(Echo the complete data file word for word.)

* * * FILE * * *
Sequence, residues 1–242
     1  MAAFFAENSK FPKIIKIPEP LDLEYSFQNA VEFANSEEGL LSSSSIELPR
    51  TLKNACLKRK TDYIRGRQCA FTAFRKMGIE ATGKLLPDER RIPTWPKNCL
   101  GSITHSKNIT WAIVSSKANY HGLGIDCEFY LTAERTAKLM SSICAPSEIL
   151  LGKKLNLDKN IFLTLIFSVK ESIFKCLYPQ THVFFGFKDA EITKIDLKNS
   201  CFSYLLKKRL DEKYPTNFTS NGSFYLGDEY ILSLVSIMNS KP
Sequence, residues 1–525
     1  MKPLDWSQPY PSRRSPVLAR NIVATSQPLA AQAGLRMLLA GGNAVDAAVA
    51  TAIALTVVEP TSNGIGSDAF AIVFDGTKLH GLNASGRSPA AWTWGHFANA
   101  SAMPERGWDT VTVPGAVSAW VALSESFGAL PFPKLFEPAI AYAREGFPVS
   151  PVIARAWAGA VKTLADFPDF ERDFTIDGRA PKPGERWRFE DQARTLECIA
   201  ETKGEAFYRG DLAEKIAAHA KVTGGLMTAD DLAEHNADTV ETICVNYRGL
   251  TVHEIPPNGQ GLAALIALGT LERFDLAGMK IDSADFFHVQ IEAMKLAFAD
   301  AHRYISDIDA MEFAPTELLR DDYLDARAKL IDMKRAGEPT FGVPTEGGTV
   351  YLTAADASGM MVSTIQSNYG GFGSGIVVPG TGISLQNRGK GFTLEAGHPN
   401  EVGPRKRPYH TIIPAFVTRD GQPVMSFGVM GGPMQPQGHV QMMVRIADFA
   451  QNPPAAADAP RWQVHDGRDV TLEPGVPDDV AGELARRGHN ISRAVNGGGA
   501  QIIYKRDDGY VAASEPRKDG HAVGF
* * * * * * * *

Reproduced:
Sequence, residues 1–242
     1  MAAFFAENSK FPKIIKIPEP LDLEYSFQNA VEFANSEEGL LSSSSIELPR
    51  TLKNACLKRK TDYIRGRQCA FTAFRKMGIE ATGKLLPDER RIPTWPKNCL
   101  GSITHSKNIT WAIVSSKANY HGLGIDCEFY LTAERTAKLM SSICAPSEIL
   151  LGKKLNLDKN IFLTLIFSVK ESIFKCLYPQ THVFFGFKDA EITKIDLKNS
   201  CFSYLLKKRL DEKYPTNFTS NGSFYLGDEY ILSLVSIMNS KP
Sequence, residues 1–525
     1  MKPLDWSQPY PSRRSPVLAR NIVATSQPLA AQAGLRMLLA GGNAVDAAVA
    51  TAIALTVVEP TSNGIGSDAF AIVFDGTKLH GLNASGRSPA AWTWGHFANA
   101  SAMPERGWDT VTVPGAVSAW VALSESFGAL PFPKLFEPAI AYAREGFPVS
   151  PVIARAWAGA VKTLADFPDF ERDFTIDGRA PKPGERWRFE DQARTLECIA
   201  ETKGEAFYRG DLAEKIAAHA KVTGGLMTAD DLAEHNADTV ETICVNYRGL
   251  TVHEIPPNGQ GLAALIALGT LERFDLAGMK IDSADFFHVQ IEAMKLAFAD
   301  AHRYISDIDA MEFAPTELLR DDYLDARAKL IDMKRAGEPT FGVPTEGGTV
   351  YLTAADASGM MVSTIQSNYG GFGSGIVVPG TGISLQNRGK GFTLEAGHPN
   401  EVGPRKRPYH TIIPAFVTRD GQPVMSFGVM GGPMQPQGHV QMMVRIADFA
   451  QNPPAAADAP RWQVHDGRDV TLEPGVPDDV AGELARRGHN ISRAVNGGGA
   501  QIIYKRDDGY VAASEPRKDG HAVGF